See the impact of Moisture-Associated Skin Damage (MASD). Get recommendations to help manage patient skin.
Maintaining skin integrity is vital for patient care, as skin is the body's first line defense against the invasion of microorganisms and numerous environmental threats.
Learn how 3M puts skin at the center of care.
Moisture-associated skin damage (MASD) is a complex and common condition that can create negative patient experiences and increase the cost of care.¹
MASD is caused by prolonged exposure to moisture including, but not limited to wound exudate, perspiration, urine and stool and saliva. This continued exposure can result in multiple conditions of MASD; Incontinence-associated dermatitis, intertriginous dermatitis, periwound moisture associated dermatitis and peristomal moisture associated dermatitis.
Individuals with MASD experience persistent symptoms that affect quality of life, including pain, burning and pruritis.²,³
IAD prevalence is as high as 45.7%.⁴
IAD patients are 5.1 times more likely to develop a Hospital Acquired Pressure Injury.⁴
Patients with peristomal skin complications are 55.7% more likely to be readmitted to a hospital.⁵
Interdigital intertrigo can lead to severe osteomyelitis causing pain so severe that the patient is unable to ambulate.⁶
IAD involves damage resulting from stool or urine associated with incontinence.
Intertriginous dermatitis (also known as intertrigo) is a clinical inflammatory condition that develops in opposing skin surfaces in response to friction, humidity, and reduced air circulation – i.e. inflammation resulting from bodily fluids trapped in skin folds subjected to friction.
Peristomal dermatitis refers to skin damage where there is a clear interaction between the skin and the stoma effluent/fluids. This results in inflammation or erosion of the skin due to moisture from fecal, urinary, and chemical irritants beginning at the mucocutaneous junction, which can then spread outwards to affect the surrounding skin.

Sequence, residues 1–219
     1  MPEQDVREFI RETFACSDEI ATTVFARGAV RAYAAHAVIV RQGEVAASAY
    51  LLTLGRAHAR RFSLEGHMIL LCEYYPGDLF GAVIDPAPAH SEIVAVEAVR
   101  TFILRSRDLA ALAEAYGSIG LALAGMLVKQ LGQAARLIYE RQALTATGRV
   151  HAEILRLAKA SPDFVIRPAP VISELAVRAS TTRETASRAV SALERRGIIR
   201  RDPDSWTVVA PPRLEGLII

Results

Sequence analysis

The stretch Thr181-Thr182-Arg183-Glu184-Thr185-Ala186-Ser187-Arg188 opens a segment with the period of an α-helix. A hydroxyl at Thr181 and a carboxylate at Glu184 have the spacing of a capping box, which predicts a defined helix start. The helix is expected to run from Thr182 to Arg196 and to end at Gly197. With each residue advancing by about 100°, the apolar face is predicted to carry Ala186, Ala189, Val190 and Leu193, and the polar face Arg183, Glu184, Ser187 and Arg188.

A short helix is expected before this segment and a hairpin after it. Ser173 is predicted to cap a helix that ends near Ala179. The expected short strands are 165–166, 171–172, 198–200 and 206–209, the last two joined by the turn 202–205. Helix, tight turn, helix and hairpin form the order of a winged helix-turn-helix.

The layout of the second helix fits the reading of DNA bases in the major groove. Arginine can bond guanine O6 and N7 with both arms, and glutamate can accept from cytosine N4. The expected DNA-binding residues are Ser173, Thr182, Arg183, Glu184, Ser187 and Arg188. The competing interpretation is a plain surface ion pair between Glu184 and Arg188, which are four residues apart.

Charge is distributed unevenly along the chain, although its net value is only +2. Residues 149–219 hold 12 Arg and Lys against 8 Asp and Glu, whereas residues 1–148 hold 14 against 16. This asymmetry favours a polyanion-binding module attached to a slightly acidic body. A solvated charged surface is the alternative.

Periwound maceration can occur when exudate overwhelms existing dressings or when adhesive dressings are repeatedly applied and removed.
Identifying the etiology is the first crucial step in managing moist skin. This reference tool can help you quickly diagnose, accurately chart, and manage MASD. Fewer charting errors can help you provide accurate and effective care for your patients and help lower the overall cost of care.
In 2020 a group of international experts collaborated to formulate best practice principles and guidelines for the prevention and management of MASD.
Use these guidelines to help you:
3M™ Cavilon™ Advanced Skin Protectant is designed to help manage moderate to severe skin damage and protect at-risk skin.
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Whether it is trying to navigate new and changing guidelines, finding alternative product solutions or providing supplemental education to staff, 3M is here to help – both virtually and in-person.
1. Brennan MR, Milne CT, Agrell-Kann M, Ekholm BP. Clinical Evaluation of a Skin Protectant for the Management of Incontinence Associated Dermatitis: An Open-Label, Nonrandomized, Prospective Study. J Wound Ostomy Continence Nurs. 2017;44(2):172-180. doi:10.1097/WON.0000000000000307
2. Gray M, Black JM, Baharestani MM et al (2011) Moistureassociated skin damage: overview and pathophysiology . J Wound Ostomy Continence Nurs 38(3): 233-41
3. Woo KY, Beeckman D, Chakravarthy D (2017) Managementof moisture-associated skin damage: A scoping review. Adv Skin Wound Care 30(11): 494-501
4. Kayser, S. A., Koloms, K., Murray, A., Khawar, W., & Gray, M. (2021). Incontinence and Incontinence-Associated Dermatitis in Acute Care: A Retrospective Analysis of Total Cost of Care and Patient Outcomes From the Premier Healthcare Database. Journal of wound, ostomy, and continence nursing : official publication of The Wound, Ostomy and Continence Nurses Society, 48(6), 545–552. https://doi.org/10.1097/WON.0000000000000818
5. Taneja, C., Netsch, D., Rolstad, B. S., Inglese, G., Eaves, D., & Oster, G. (2019). Risk and Economic Burden of Peristomal Skin Complications Following Ostomy Surgery. Journal of wound, ostomy, and continence nursing : official publication of The Wound, Ostomy and Continence Nurses Society, 46(2), 143–149. https://doi.org/10.1097/WON.0000000000000509
6. MONICA G. KALRA, DO, Methodist Health System of Dallas, Dallas, Texas; KIM E. HIGGINS, DO, Physician Senior Services, Dallas, Texas; BRUCE S. KINNEY, DO, Methodist Health System of Dallas, Dallas, Texas; Am Fam Physician. 2014 Apr 1;89(7):569-573.